Information on the annual bonus awards for the executive Directors is outlined in chapter Annual report on remuneration. Other than the Group Chief Executive, the year-on-year change in variable pay for the executive Directors varies from a decrease of 68% to an increase of 2%, compared to a decrease in the average annual bonus award across our employees of 11%.

We have awarded Peter Harrison a bonus of £5.5 million, reflecting his increased responsibilities following his appointment as Group Chief Executive on 4 April 2016. He succeeded Michael Dobson, who received a bonus of £7.9 million for 2015. Peter has made an excellent start in his new role, ensuring a smooth transition in the senior leadership of the Group and maintaining the strong financial performance of the business in volatile market conditions. Investment performance is a key measure of success and we remain significantly ahead of target, with 74% of assets outperforming over three years and 85% over five years. Talent retention through this period of transition has been well-managed and good progress has been made against target growth opportunities, including in the development of our North American business. The Group Chief Executive’s pay is 33 times the employee mean and 60 times the employee median, as shown in chapter Annual report on remuneration.

The Committee believes the LTIP performance conditions are highly demanding. In March 2017, we expect LTIP awards granted in 2013 to vest at 50%, as the earnings per share target will not be met. This is despite the strong performance of the Group, generating earnings per share growth of 76% over the four-year performance period. The net new business target was significantly exceeded, with a total of £46.8 billion of net new business over the performance period (see chapter Annual report on remuneration).

Departing executives

The Committee awarded Michael Dobson an annual bonus award of £2.0 million, reflecting his performance as Chief Executive for part of 2016 and his work in ensuring a smooth transition of his responsibilities. Michael waived his contractual rights to £7.5 million on stepping down as Chief Executive. He is not eligible for a bonus in respect of his role as Chairman. The Committee awarded Massimo Tosato an annual bonus award of £1.3 million, reflecting his contribution during 2016, and a payment of £3.0 million in settlement of his rights on stepping down, which were equal to one year’s salary plus bonus or £4.7 million, from his 2001 employment contract. These payments to Michael and Massimo were made in cash in February 2017 and clawback terms apply.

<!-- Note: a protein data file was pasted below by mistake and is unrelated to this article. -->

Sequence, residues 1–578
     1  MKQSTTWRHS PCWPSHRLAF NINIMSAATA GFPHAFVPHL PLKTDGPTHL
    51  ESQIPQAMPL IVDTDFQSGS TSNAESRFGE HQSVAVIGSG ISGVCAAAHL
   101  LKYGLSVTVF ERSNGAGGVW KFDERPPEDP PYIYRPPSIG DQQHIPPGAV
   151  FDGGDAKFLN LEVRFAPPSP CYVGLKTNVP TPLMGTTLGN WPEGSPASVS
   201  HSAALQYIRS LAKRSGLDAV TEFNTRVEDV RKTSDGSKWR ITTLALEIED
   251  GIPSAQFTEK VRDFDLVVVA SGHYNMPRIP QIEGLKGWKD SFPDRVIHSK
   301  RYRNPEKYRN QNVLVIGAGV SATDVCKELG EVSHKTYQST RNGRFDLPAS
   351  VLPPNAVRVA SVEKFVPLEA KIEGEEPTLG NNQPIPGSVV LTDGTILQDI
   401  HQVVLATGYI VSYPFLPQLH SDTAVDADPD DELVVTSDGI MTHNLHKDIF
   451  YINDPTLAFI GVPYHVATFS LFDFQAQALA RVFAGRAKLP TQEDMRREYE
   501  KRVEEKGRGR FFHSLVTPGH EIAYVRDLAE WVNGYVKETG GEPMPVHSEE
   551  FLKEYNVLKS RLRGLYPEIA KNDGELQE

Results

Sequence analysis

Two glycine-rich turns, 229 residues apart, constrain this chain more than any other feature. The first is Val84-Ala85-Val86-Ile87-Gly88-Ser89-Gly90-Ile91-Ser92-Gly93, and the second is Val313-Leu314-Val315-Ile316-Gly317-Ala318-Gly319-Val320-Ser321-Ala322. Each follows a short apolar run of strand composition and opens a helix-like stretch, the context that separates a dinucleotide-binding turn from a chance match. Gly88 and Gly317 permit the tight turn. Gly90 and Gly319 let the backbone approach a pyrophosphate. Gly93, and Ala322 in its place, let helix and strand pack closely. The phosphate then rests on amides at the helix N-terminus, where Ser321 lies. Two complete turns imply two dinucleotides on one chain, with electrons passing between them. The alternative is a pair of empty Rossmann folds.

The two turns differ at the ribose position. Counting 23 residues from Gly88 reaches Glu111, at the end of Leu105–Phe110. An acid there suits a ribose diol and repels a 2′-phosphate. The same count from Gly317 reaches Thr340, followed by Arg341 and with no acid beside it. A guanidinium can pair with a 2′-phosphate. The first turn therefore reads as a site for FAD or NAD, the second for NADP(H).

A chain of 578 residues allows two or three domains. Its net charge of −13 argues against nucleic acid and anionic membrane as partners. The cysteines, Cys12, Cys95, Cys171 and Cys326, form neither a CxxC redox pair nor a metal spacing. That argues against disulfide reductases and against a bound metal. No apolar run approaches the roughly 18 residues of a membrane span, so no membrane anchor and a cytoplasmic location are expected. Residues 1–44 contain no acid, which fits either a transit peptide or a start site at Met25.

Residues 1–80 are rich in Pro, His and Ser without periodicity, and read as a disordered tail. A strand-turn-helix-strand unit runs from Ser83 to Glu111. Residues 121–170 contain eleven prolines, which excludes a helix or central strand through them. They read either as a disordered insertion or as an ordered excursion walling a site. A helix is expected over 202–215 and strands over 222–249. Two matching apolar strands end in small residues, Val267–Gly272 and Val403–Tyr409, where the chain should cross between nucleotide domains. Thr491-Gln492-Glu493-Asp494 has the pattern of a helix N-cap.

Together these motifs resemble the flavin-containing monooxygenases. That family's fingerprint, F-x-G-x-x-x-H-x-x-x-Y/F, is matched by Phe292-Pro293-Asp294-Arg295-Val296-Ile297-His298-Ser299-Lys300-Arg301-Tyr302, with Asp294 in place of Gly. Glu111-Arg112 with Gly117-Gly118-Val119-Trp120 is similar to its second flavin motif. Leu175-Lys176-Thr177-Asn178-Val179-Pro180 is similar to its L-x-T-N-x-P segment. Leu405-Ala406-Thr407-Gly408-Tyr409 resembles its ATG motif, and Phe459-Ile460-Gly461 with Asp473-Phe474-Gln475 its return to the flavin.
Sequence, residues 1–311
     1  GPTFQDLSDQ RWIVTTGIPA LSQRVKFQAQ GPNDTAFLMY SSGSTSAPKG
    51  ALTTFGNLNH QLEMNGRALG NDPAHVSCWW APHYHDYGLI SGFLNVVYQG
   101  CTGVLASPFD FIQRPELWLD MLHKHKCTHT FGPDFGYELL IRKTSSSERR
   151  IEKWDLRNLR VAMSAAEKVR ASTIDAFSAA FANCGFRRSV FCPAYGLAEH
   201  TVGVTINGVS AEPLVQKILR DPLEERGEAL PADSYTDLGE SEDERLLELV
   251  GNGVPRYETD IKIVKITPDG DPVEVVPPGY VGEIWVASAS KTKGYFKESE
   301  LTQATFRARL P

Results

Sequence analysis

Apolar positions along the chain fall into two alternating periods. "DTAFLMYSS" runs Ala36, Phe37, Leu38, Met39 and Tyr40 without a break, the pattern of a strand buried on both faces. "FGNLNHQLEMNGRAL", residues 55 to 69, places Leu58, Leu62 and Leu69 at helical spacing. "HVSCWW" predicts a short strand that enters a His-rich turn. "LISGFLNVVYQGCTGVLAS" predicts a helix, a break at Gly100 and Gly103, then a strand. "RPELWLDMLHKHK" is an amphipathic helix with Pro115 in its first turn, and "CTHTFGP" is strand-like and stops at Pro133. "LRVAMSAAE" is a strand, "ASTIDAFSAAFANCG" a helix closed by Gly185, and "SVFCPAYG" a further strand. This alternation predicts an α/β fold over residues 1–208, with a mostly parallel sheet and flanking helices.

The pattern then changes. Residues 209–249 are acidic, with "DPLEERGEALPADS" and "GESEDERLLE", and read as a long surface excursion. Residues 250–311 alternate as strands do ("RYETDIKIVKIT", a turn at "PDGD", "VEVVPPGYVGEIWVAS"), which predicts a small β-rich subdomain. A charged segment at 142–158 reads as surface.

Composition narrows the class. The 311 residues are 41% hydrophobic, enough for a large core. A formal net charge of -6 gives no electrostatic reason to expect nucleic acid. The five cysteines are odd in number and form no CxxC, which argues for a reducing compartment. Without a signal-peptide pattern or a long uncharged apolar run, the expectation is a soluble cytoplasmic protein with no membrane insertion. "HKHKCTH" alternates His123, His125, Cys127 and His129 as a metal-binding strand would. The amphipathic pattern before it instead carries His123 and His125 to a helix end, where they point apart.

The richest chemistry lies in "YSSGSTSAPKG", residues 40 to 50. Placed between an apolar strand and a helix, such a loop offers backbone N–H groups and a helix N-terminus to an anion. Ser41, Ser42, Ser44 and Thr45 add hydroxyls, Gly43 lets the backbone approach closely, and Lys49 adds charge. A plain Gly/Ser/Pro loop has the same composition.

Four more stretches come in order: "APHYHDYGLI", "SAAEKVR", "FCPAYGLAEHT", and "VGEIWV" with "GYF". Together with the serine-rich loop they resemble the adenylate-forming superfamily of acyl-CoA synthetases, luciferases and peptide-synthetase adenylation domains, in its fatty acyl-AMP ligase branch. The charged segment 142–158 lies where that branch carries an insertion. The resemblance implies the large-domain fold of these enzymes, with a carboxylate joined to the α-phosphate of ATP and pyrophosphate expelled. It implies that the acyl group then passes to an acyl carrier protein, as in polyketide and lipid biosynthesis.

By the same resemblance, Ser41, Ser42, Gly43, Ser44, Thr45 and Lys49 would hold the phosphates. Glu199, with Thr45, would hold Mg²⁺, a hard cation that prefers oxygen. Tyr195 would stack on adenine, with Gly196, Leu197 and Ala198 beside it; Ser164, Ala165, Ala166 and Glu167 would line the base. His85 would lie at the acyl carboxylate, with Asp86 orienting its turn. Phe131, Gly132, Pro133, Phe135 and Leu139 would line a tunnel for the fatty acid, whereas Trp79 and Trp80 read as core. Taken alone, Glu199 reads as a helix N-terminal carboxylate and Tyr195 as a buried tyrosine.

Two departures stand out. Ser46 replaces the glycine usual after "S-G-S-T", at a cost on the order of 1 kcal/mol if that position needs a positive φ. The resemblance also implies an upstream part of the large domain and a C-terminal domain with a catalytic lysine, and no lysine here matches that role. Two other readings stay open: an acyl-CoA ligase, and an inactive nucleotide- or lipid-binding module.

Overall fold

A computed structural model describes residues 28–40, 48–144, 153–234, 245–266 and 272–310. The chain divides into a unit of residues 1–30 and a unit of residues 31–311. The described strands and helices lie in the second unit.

On 1 March 2017, Philip Mallinckrodt relinquished his executive responsibilities. He continues on the Board as a non-executive Director. Page 96 outlines the approach the Committee has taken to his remuneration in light of this.

Diversity

As one of the first signatories of the Women in Finance Charter in the UK, we are committed to increasing the representation of women within senior management. We targeted 30% representation by 2019. Having made significant progress, moving from 25% at the end of 2015 to 29% this year, we have increased our target to 33%. This year we have disclosed gender pay gap data for the first time, in chapter Annual report on remuneration, in advance of UK disclosure rules coming into effect in April 2017. This shows a gap of 31% to 33% for salary and other cash allowances per hour and 59% to 66% for bonus, though these figures may be misleading. Our analysis of comparable roles shows that we reward men and women fairly for similar work and that the gap reflects the lower representation of women at senior levels within the organisation.

Lord Howard of Penrith
Chairman of the Remuneration Committee